4 AUGUST 1939, Page 18

In the Garden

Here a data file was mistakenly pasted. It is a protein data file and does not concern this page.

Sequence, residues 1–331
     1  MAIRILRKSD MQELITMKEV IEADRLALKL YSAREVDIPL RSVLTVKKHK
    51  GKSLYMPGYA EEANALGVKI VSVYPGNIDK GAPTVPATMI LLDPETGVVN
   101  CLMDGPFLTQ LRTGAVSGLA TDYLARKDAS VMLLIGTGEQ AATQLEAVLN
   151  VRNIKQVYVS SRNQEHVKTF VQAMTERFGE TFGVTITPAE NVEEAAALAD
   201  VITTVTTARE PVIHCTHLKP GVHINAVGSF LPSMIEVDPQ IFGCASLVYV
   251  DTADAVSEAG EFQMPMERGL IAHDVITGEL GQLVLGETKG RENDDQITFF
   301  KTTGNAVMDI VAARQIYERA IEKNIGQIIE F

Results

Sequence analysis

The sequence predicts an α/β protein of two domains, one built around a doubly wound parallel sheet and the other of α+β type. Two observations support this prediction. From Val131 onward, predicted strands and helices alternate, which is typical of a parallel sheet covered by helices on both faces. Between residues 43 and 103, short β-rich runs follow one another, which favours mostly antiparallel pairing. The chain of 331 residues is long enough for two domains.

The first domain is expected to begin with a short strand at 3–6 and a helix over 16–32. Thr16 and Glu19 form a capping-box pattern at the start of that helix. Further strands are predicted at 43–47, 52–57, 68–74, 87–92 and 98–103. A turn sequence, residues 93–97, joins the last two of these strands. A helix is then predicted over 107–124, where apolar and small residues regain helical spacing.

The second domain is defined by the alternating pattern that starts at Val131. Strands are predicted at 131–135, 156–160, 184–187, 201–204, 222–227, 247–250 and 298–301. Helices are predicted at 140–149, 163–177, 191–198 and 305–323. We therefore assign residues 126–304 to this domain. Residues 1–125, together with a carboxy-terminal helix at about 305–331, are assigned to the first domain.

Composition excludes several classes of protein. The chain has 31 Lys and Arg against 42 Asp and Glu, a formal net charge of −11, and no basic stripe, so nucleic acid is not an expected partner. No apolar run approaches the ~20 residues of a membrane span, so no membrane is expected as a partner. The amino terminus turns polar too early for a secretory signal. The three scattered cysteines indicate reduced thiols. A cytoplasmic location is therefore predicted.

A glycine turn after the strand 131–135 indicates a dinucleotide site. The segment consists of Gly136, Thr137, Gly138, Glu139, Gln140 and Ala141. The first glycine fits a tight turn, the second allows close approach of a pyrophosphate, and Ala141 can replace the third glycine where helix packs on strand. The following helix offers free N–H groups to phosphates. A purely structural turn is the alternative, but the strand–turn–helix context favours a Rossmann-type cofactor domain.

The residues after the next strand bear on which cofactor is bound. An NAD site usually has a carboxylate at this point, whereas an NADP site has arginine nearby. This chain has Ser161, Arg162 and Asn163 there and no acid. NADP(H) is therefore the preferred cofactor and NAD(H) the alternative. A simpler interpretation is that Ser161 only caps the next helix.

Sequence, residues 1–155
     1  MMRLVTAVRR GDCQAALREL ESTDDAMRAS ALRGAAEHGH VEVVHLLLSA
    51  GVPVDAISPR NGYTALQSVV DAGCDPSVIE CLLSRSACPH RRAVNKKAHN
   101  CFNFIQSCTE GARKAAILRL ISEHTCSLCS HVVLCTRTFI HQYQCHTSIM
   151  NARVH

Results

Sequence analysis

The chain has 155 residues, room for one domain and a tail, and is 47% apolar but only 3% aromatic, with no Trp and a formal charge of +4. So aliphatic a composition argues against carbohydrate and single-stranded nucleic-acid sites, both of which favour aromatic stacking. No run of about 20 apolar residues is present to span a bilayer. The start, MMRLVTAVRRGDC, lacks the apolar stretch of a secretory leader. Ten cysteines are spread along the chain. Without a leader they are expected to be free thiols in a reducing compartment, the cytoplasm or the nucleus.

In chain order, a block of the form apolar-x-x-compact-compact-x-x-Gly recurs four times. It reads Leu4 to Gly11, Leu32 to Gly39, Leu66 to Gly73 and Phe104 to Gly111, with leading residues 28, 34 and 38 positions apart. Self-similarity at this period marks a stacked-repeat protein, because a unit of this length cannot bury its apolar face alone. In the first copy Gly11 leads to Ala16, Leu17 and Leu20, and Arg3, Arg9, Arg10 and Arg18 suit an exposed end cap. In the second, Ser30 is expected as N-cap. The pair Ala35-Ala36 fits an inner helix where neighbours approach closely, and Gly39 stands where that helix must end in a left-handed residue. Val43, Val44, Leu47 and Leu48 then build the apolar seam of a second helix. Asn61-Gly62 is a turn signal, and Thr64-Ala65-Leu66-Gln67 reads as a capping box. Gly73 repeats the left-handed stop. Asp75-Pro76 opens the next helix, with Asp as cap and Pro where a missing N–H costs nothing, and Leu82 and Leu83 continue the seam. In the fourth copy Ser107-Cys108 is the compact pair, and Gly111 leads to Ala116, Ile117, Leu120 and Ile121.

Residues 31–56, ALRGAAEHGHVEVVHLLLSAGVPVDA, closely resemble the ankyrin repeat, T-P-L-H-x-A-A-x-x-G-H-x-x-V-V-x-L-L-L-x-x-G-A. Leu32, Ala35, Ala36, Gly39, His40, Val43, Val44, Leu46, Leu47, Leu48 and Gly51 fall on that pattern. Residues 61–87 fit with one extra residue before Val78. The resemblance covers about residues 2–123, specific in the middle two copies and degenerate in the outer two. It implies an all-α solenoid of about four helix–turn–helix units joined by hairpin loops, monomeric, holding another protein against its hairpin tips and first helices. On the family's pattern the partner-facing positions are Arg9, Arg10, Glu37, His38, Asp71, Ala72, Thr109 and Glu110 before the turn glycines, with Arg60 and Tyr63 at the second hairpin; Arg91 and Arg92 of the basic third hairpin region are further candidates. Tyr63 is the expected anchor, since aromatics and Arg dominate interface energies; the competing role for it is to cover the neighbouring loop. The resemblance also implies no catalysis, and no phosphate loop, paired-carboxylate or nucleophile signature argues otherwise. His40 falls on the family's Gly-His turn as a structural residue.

The most plutocratic garden in England has been opened to the public once a week until the end of July, and as there is much apprehension that the treat may not be repeated next year, some of its lessons or special virtues may perhaps be usefully recorded. The general idea is a segregation rather than the amalgamation of colours. In the succession of rough borders the first pair contains whites and light yellows, the second pair blues and kindred tints, the third (which was much the most ardently admired) a glorious series of oranges and reds. One may say that the tiger-lilies set the note. It is, of course, possible so to provide a succession of colours in a single herbaceous border. One ingenious Oxfordshire gardener had a long path with a false perspective—that is, it narrowed to its most distant point—and he enhanced this perspective by a graded deepening of colour from near to far. Far be it from me to suggest that a false perspective is good art, but the desired effect was most successfully attained. In the great garden under discussion the principle of separating colours was delightfully seen in a narrow border in the kitchen garden. It consisted chiefly of squares of violas, each square of one hue, and violas were admirably used as a floor for lilies. Most of the roses are of the older sorts, left un-